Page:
Memphis design is making a comeback and we’re all about to become well-acquainted with its divisive style. Here’s a quick introduction to this pioneering movement.
What, Where, Who?
In 1980, Italian designer Ettore Sottsass founded the Memphis Group collective, named after the Bob Dylan song Stuck Inside of Mobile With the Memphis Blues Again. The group worked together to design postmodern furniture, ceramics, glass and fabric. They made their debut at the Milan furniture fair in 1981 but just six short years later, the group went their separate ways.
Never intending to create timeless pieces with mainstream appeal, the group produced items that were a rallying cry against the prevailing Modernism movement. They focused on form, rather than function. The result was distinctly bright, garish and kitschy. The Memphis Group’s work featured heavy use of plastic laminate, clashing colours, stylized graphics and abstract arrangements. They wanted to provoke a reaction, and provoke a reaction they did.
Their work was groundbreaking. The group created entirely unique objects using previously unseen materials. But they were widely ridiculed and criticised. Their work has been described as ‘bizzare’, ‘misunderstood’ and ‘loathed’. One critic even described it as, “a shotgun wedding between Bauhaus and Fisher-Price”. On the other hand, their designs have since influenced artists, designers and architects around the world. Famous collectors of Memphis pieces include Karl Lagerfeld and David Bowie. And the style is making a comeback in fashion and interior design today.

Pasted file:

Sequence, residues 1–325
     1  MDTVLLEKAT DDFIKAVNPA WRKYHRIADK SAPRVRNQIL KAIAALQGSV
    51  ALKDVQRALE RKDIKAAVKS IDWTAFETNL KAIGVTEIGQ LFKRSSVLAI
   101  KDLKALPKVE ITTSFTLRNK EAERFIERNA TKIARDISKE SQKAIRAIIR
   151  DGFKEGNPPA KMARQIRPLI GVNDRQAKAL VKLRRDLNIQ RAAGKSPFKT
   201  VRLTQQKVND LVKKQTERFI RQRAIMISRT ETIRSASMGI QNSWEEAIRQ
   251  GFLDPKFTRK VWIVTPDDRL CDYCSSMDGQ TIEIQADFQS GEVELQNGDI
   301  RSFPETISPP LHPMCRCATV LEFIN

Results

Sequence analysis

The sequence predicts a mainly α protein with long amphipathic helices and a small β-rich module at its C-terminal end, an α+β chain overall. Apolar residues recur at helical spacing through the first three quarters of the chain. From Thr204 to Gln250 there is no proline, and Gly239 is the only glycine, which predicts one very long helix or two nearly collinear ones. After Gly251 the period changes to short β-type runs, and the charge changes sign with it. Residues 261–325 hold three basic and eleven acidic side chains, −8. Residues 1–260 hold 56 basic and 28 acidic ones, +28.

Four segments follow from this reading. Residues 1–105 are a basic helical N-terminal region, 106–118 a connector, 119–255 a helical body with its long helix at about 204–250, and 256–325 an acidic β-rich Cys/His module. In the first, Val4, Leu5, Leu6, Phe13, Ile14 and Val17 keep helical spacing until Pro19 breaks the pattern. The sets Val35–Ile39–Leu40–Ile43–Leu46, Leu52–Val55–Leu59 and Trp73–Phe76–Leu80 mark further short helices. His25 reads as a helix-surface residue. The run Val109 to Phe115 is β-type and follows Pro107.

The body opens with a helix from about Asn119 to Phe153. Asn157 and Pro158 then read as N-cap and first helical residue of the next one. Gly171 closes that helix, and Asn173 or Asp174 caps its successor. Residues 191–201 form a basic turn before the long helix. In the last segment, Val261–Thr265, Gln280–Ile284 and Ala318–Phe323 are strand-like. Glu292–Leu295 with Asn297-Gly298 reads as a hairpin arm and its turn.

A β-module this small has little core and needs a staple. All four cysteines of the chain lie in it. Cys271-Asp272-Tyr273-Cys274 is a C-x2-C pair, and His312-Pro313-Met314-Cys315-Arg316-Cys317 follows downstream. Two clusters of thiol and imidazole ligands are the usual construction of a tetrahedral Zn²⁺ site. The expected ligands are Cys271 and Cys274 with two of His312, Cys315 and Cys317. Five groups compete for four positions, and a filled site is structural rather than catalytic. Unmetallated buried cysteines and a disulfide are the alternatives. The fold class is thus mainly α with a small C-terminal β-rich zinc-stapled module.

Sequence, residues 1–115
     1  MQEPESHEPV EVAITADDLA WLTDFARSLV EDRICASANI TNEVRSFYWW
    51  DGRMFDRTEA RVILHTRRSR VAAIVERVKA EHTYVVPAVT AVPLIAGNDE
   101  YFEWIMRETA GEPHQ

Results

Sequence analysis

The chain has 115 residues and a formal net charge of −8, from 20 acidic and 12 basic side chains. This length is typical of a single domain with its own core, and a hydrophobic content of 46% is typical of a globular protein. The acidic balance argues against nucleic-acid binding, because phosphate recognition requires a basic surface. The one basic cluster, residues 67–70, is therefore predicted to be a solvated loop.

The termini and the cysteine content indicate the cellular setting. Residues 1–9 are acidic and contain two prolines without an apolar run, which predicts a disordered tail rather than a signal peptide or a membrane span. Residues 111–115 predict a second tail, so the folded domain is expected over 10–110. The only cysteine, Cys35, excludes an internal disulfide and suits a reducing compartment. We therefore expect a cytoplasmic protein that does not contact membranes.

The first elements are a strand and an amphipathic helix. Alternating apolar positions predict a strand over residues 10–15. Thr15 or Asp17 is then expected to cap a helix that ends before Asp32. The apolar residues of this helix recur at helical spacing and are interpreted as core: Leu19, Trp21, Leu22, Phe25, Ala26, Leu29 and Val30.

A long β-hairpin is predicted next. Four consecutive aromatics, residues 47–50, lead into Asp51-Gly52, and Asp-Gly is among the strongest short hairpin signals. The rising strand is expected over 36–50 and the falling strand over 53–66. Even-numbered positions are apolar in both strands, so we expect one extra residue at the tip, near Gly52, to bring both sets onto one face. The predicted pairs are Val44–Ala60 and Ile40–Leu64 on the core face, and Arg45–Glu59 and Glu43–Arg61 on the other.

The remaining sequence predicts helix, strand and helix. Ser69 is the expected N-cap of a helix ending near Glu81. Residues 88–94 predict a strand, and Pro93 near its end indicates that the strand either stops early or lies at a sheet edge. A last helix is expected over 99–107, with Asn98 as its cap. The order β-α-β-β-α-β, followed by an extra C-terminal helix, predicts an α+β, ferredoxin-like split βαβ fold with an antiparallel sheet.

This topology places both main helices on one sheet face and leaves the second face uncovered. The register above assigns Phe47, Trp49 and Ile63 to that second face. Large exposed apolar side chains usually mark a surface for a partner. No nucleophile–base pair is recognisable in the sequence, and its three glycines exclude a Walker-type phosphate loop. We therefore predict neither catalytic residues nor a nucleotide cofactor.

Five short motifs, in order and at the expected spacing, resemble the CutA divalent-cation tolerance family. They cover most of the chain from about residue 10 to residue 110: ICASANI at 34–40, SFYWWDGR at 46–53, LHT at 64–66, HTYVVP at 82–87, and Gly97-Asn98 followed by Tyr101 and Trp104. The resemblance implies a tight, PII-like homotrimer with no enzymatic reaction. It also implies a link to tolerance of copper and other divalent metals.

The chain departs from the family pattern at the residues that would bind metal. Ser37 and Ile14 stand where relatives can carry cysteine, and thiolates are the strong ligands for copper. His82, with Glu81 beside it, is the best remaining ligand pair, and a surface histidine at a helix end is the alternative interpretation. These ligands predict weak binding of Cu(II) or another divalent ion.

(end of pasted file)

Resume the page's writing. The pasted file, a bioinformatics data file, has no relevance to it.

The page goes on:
After Sottsass’ death in 2007, interest in Memphis design was reignited. Former members of the group are now creating Memphis-inspired work for a mainstream audience. One particular example is Nathalie Du Pasquier who has recently collaborated with Danish brand HAY, and fashion company American Apparel. Meanwhile, contemporary creatives are taking inspiration from this movement in everything from fashion to skateboard design, street art and cars. The most famous example being Camille Walala’s five-story mural on the Dream Come True building in Shoreditch.
Despite being loved by some and loathed by others, Memphis design has endured. I’m sure we’ll be seeing much more of this movement in the coming years.